I Don’t Want to Work Anymore: How to Deal with Burnout
“I don’t want to work anymore.”
How often have you heard someone say that? Or even said it yourself? I’m not talking about “I need a day off,” or even “I need a different job.” Lately, it seems there’s a growing number of people who believe that living in a world where we need to have a job makes us unhappy.
An article I read recently talked about the growing trend of anti-capitalism on social media and in everyday life. According to the author, the need to be productive in a capitalist society is making people depressed, anxious, and unhealthy. It’s not a new idea, but it is getting a lot of airtime.
USA Today also recently published a piece on internalized capitalism. They defined this concept as “the idea that our self-worth is directly linked to our productivity.” Some academic researchers have even reached the conclusion that capitalism is harmful to mental health.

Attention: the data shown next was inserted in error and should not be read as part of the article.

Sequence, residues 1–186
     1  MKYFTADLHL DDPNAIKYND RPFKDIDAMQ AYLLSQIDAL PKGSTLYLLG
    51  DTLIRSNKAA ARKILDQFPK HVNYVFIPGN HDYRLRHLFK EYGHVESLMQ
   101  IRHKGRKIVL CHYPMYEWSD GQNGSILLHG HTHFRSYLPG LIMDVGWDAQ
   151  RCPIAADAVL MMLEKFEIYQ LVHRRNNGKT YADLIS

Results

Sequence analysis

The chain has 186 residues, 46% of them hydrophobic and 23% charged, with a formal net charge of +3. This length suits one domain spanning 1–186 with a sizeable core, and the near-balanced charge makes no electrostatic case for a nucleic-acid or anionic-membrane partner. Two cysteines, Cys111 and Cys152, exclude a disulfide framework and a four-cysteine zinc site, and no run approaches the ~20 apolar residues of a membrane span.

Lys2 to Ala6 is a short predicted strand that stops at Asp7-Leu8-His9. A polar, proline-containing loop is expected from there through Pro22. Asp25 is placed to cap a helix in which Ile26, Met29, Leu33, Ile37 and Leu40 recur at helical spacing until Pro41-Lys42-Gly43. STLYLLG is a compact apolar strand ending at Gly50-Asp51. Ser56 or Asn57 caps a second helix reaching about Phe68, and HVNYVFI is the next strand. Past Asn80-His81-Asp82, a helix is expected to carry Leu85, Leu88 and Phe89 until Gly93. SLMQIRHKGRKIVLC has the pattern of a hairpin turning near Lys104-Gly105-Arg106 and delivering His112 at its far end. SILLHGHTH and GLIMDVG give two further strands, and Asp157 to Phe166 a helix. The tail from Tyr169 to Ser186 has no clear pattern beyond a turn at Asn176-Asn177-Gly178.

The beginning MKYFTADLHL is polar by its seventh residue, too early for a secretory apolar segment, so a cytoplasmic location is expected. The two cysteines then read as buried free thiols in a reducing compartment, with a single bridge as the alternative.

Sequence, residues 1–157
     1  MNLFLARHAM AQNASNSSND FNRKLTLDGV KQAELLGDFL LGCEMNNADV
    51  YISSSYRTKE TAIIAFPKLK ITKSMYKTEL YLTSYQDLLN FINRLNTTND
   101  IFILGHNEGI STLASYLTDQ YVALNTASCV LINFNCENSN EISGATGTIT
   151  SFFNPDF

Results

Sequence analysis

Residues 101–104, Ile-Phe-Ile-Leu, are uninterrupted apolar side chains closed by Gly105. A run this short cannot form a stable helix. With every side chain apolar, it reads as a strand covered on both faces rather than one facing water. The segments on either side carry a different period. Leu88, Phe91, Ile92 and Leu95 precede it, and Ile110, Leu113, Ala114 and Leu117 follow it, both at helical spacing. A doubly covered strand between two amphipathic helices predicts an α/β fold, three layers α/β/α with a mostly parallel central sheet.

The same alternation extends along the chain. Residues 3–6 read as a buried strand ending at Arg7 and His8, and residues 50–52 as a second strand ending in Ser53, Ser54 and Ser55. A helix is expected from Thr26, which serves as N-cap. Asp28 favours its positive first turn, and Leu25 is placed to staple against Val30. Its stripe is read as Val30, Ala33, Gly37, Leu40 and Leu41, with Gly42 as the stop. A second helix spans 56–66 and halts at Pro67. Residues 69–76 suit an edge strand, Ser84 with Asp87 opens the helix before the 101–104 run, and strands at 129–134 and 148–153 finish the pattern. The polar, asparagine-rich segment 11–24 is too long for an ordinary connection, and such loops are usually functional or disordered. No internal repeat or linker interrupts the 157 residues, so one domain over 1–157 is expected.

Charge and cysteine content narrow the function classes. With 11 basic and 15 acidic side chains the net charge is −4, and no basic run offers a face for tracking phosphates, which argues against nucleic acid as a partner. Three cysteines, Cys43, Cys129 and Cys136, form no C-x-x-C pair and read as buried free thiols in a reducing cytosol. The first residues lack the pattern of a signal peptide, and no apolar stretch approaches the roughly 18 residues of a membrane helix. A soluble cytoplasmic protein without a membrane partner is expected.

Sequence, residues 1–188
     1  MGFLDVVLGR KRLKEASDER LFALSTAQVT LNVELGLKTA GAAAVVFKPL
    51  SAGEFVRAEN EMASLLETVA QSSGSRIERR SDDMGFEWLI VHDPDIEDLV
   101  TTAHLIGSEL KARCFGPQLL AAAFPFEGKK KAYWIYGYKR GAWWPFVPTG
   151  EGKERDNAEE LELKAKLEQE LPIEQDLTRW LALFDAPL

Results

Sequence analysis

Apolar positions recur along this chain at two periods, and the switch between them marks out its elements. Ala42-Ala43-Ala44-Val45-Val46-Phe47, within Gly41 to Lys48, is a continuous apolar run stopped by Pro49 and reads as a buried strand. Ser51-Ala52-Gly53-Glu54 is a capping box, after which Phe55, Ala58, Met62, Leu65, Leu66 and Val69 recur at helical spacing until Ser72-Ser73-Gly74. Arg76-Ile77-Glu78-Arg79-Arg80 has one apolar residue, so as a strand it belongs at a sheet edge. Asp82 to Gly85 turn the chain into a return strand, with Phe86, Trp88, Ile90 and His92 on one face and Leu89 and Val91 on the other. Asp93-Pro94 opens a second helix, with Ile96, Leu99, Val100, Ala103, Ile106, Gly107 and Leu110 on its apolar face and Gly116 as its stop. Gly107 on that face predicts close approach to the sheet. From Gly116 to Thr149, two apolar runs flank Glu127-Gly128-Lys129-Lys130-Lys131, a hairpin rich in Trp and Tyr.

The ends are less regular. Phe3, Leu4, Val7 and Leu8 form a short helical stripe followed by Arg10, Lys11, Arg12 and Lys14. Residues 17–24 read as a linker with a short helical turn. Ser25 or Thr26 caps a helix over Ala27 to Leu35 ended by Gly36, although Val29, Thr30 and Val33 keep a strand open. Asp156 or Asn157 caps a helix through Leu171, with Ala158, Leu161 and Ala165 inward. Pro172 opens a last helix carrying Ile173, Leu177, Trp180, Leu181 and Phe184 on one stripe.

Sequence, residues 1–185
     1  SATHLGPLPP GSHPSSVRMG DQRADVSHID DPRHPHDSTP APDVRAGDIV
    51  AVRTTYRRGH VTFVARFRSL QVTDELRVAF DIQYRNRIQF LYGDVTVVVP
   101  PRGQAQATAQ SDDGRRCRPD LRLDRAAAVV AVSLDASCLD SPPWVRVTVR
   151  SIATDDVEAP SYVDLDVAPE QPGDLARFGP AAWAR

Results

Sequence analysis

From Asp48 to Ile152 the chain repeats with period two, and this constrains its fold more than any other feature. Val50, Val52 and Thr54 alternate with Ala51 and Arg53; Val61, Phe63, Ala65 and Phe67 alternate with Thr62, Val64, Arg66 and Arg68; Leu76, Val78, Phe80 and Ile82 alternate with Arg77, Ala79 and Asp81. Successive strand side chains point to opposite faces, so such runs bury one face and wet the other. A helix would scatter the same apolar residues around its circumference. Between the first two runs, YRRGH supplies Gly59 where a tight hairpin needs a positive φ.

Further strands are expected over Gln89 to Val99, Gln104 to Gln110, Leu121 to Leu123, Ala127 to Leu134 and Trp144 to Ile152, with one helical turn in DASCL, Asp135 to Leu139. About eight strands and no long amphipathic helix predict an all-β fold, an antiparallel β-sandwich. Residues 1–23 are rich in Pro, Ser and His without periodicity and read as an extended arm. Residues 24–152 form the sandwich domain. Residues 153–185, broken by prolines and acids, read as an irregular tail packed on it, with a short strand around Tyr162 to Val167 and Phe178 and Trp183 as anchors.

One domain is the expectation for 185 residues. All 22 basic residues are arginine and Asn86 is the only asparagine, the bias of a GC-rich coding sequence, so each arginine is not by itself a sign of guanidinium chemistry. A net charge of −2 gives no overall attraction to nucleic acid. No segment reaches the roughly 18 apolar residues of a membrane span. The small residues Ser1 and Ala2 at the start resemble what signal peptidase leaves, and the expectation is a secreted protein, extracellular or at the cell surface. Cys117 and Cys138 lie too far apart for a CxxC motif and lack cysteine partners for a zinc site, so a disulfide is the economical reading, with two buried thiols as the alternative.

I’m not going to debate the merits of capitalism. Nor am I going to suggest that there are no connections between what society expects and how you feel about yourself.
I am going to show you that blaming capitalism for unhappiness is a trap. I’ll also give you some tips on what to do if you’re stuck in a job that makes you want to quit working.
Read on to learn more about what you can do to take control and find satisfaction in your career.
Why Anti-Capitalism Is a Trap
Let’s start with a simple fact. It’s nice to imagine a world where no one had to work for a living, but that’s not the world we live in.
There will always be tasks you must do at work that won’t fill you with joy. But when you blame the society we live in for feeling unhappy, you are, essentially, giving up. You’re deciding that you can’t control your own satisfaction with life.
But really, you’ve trapped yourself in an unfulfilling situation because you believe you have no control over it. It turns out that feeling in control plays a big part in how happy you are with your life and your work.
The Importance of Control to Wellbeing
Psychologists say that there are three major elements to a fulfilling life: